Quest stories are common in literature, both fiction and nonfiction.   Mitzi Minor describes the gospel of Mark as a “journey story.”  In these tales, someone sets out on a journey—a quest.  She may know what she is looking for, or just have a general idea of where she’s going without a specific end in mind.  Along the way she goes through a series of trials until she reaches her goal.  Eventually she returns home, successful in her quest, and somehow changed, becoming a new person through the journey.  We see this pattern in C.S. Lewis’ Narnia Tales, J.R.R. Tolkien’s stories from Middle Earth, and, in a slightly different form, J.K. Rowling’s Harry Potter series.  In each case the hero successfully completes his quest, experiencing something along the way that changes him and affects the rest of his life.
            Such is the story of the wise men in Matthew’s gospel. By some means, in their home country far to the east of Judea, they become aware of a birth that will have a cataclysmic effect on the world.  Their scientific texts and holy books, combined with some disturbance in the normal celestial patterns lead them to believe something is happening they shouldn’t miss.  And so they set out on their quest.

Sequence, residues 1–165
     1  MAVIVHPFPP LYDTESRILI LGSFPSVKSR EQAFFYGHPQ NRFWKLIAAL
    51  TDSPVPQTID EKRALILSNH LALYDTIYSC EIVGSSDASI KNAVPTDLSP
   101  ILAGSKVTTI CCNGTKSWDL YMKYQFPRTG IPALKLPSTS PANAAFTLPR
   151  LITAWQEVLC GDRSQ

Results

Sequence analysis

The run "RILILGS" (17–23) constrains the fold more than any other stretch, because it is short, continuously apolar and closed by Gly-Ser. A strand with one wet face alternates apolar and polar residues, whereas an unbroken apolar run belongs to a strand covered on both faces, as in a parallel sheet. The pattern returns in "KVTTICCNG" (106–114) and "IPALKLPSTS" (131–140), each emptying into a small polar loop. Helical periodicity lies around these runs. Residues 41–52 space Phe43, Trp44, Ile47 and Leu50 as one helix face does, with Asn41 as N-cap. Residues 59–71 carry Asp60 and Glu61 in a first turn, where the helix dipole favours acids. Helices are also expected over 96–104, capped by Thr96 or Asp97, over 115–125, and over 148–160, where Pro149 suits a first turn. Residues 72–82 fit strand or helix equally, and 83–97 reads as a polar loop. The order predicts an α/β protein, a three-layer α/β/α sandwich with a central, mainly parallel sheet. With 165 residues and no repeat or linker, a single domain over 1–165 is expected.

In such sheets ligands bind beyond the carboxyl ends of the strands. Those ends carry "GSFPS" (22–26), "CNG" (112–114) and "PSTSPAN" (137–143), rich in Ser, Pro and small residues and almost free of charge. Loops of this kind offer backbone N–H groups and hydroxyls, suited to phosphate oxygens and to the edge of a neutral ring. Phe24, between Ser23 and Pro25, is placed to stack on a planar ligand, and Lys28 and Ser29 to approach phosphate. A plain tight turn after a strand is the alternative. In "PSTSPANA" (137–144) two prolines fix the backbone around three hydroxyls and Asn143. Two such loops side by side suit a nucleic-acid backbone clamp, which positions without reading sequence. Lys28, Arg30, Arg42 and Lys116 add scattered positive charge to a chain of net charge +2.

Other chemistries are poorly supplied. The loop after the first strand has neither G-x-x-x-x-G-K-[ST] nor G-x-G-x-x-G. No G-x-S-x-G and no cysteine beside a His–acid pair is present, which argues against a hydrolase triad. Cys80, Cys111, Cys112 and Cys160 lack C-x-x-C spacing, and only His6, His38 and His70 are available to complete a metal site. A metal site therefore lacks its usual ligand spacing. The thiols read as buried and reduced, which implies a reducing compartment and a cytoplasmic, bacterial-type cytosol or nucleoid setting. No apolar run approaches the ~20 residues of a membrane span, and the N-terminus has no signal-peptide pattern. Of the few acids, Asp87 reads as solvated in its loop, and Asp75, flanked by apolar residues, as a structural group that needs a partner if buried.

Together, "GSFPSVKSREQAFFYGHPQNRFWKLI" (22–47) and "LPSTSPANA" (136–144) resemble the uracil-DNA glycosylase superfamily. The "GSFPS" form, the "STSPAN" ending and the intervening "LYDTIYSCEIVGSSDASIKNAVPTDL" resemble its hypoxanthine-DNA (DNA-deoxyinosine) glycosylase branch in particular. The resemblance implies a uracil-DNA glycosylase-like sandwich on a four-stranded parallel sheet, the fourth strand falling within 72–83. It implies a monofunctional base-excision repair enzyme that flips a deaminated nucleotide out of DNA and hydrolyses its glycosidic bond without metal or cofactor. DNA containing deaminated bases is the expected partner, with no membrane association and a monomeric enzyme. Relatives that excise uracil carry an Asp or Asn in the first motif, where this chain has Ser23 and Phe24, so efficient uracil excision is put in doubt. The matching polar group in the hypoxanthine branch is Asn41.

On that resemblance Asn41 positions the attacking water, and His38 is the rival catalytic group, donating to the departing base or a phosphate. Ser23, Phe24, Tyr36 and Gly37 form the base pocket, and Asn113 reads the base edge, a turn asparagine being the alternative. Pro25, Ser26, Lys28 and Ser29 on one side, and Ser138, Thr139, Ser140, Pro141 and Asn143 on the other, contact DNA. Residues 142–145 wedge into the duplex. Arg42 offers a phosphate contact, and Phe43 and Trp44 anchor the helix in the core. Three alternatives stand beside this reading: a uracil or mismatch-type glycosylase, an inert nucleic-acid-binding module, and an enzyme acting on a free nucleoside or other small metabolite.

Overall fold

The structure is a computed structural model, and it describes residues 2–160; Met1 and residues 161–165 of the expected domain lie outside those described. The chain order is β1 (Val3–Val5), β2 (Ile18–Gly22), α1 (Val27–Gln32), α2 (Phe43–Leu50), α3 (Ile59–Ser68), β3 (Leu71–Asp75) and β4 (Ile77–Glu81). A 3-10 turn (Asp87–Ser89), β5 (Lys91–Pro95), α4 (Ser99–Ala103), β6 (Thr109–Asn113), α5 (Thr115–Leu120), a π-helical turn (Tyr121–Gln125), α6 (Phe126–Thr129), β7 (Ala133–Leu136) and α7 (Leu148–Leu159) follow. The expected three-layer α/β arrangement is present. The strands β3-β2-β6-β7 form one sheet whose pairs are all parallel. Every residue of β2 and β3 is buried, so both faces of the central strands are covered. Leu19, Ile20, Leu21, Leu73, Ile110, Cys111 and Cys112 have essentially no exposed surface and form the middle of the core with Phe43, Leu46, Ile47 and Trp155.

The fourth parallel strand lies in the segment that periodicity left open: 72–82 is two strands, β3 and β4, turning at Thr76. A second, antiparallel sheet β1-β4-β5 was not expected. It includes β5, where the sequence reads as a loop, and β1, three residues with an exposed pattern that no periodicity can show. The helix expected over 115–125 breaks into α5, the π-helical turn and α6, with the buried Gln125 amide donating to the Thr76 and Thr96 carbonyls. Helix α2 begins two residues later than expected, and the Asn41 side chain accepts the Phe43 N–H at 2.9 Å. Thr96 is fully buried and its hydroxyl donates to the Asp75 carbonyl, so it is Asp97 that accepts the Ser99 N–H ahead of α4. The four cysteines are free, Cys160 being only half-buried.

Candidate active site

How many there were, where they came from, the route they took are a mystery to us.  We can speculate using what we learn from Matthew’s account and what we know about the times, but we cannot know for sure the answers to our questions.  All Matthew tells us is they showed up in Jerusalem asking for directions.  We know what happened next.  Herod knew so little Scripture that he had to call in the experts.  They provided some information, but could only point the Magi in the general direction. 
The Magi arrived at their destination, fulfilled their quest, and returned home by another way.  But it wasn’t only their travel route that was different.  They were changed—new people because of their journey.  We do not know what trials they went through on their quest.  We only know they completed it and found themselves back at the place where they started—but not the same as when they started.
We can be very suspicious of people on quests.  We’re much more comfortable with people who know who they are and what they know—people like the biblical experts in Jerusalem.  They had no need to go on a journey to find the new king.  They knew who their king was, where their loyalty lay, and what their role was.  No need to go anywhere.  No need to upset their lives.  Stay home and be content with who we are and what we know.
We have to admit, it’s an easier life.  Why go searching for something else?  Why not be content with what we have here?  Who knows what could happen to you out there, on the road?  Who knows what trials await, what dangers lurk, what disappointments we might find?
Ah!  But what they missed!  Their quest wouldn’t have been as long and arduous as that of the Magi, but they would have returned home changed people—new creations, with new knowledge and new understanding.
Wise men still seek Him, and in seeking find not only the completion of their quest, but a new life. 

Will we be wise?